If you want to create a compelling fundraising pitch, persuasive business presentation, or inspiring TED talk, where do you start? There are literally thousands of books, blogs, and videos on the subject. In fact, there’s so much, it can all feel a bit… overwhelming.
Wouldn’t it be good if there was a way to make it all simpler?
In many ancient cultures, the nature and complexity of all matter were explained by breaking it down into simpler substances. They used the four elements: water, earth, fire, and air. OK, we now know that it’s actually more like 118 chemical elements, but it is still limited.
And this isn’t restricted to the natural world.
If you stop to think about it, all the books ever written in the English language have been created using the same 26 letters of the alphabet. All chords and melodies in western music, composed from just 12 different notes. And all the paintings, throughout the world, created from just three primary colors, red, yellow, and blue.
Given a set number of building blocks, it’s possible to create an almost infinite number of variations.
So, what if we want to create the perfect pitch? Is there a set of building blocks we can use to create it?
The fab four
It turns out that all the great pitches, speeches, and presentations in history were created using just four basic building blocks. They were first identified and documented more than two thousand years ago, by the Greek philosopher Aristotle. And they’ve formed the basis of nearly every public speaking book, article, and blog published since.
Understanding what they are and how to use them, is key to transforming your next pitch into an opportunity to inform, convince and persuade your audience.
Greek for ‘word’, ‘reason’, and the root of the English word ‘logic’, Logos appeals to the audience’s rationality. It’s the basic ingredient of your pitch – the information you present combined with your logically structured argument.
Investors, analysts, and scientists love this stuff, but don’t be too heavy on it with a general audience. ‘I don’t get it’, is a sure sign that you need to clarify and simplify your logos. Not incorporating enough of it, however, will leave your idea sounding empty at best, more often unrealistic and irrelevant.
Things you can use to reinforce your logos: facts, data, graphs, figures, stats, examples, and best of all, demos. Ever wondered why Steve Jobs went to the trouble of personally live-demo-ing every single product?
“Persuasion is clearly a sort of demonstration since we are most fully persuaded when we consider a thing to have been demonstrated.” Aristotle
Ethos, Greek for ‘character’, appeals to the audience’s sense of honesty and/or authority. It’s about being trustworthy and credible – like in the English word ‘ethical’. No matter how much information you share and how good your argumentation is, if you score poorly on this one, your audience will leave the room unconvinced.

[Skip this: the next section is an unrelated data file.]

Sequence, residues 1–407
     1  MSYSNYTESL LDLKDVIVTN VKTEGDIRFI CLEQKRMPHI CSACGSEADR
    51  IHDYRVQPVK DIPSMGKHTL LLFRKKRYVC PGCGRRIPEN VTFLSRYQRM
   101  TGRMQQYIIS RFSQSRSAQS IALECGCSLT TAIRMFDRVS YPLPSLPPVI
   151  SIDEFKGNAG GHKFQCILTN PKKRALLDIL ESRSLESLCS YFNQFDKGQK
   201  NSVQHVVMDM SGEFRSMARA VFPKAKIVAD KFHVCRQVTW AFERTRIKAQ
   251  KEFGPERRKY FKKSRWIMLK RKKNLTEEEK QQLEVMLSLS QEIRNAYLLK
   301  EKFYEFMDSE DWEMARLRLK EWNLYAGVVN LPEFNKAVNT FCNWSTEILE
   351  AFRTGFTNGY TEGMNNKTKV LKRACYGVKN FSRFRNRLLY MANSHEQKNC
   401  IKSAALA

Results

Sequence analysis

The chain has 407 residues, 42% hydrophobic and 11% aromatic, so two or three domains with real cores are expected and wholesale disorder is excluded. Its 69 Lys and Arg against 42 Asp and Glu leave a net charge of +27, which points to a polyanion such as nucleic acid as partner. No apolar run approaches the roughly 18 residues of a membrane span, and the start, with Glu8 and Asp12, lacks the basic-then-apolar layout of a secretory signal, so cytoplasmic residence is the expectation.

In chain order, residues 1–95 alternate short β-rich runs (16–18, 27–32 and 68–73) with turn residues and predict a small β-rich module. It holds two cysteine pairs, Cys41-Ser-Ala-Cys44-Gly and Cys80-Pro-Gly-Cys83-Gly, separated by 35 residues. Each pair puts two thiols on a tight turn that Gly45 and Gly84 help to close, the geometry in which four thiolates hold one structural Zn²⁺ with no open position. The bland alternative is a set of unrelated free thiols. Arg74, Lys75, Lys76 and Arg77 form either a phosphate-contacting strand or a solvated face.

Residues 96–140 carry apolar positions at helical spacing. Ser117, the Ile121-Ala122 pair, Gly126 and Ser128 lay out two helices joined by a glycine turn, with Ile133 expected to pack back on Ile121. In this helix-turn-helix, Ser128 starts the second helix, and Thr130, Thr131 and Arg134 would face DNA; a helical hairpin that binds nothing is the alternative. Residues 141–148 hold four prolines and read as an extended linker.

Ethos is crucial in all of your dealings with investors: as the CEO of the company, they need to trust you have the skills, connections, and competence to grow a successful business. That’s why investors expect the CEO to give the pitch: they need to see living proof, they need to trust you.
Sometimes your idea, data, or strategy is great, but you’re just not the right person to tell the story. Ethos is the difference between a pitch that’s informing and one that’s convincing, between meh and yeah!
Things you can use to reinforce your ethos: a display of professional achievements, academic titles, affiliations to respected institutions, important collaborators, but also your stage presence and tone of voice.
“Persuasion is achieved by the speaker’s personal character when the speech is so spoken as to make us think him credible.” Aristotle
Pathos is the Greek word for ’emotion’, like in the word ’empathy’. It’s about appealing to your audience’s feelings, evoking their emotions, and strategically connecting these emotions to elements of your speech.
By making such emotional connections, your audience will be more likely to agree with your argument and respond to your call to action.
Things you can use to reinforce your pathos: vivid storytelling, a more engaging delivery, humor, looking for common ground, strong visuals, quotes, using metaphors to convey complex concepts, sharing a vision.
“Persuasion may come through the hearers when the speech stirs their emotions.” Aristotle
Kairos is perhaps the most important component, and also the most difficult to apply. Kairos is the ancient Greek word for ‘right, critical, opportune moment’. Like an archer preparing to fire an arrow, it takes more than a bow, technique, and strength: there is only one instant, a fleeting moment when an opportunity to shoot appears; shoot too early or too late and you’ll miss the target. But get the timing right, and you cannot miss.
You need to get the timing right to present the different elements in your pitch. Know when to show the data and when to create an emotional connection, when to create urgency and when to establish trust.
But most importantly, you need to get the right timing to position your innovation. Because having a good idea is not enough. It’s your job to show your audience that you have a good idea—and convince them that now is the right time for it to flourish.
“There are no bad ideas in tech – only bad timing.” Marc Andreessen, a16z